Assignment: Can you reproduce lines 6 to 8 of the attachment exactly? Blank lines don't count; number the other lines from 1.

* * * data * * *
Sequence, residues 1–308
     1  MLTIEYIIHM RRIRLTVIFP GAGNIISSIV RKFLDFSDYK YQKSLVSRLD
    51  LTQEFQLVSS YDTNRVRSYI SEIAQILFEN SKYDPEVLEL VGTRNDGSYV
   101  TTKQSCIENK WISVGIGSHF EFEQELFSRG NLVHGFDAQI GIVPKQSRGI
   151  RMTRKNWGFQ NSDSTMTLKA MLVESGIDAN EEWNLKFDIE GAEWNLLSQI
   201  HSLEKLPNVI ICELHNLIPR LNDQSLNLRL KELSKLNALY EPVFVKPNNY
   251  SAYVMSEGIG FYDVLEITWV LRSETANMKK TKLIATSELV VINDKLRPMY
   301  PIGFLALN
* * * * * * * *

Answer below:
   201  HSLEKLPNVI ICELHNLIPR LNDQSLNLRL KELSKLNALY EPVFVKPNNY
   251  SAYVMSEGIG FYDVLEITWV LRSETANMKK TKLIATSELV VINDKLRPMY
   301  PIGFLALN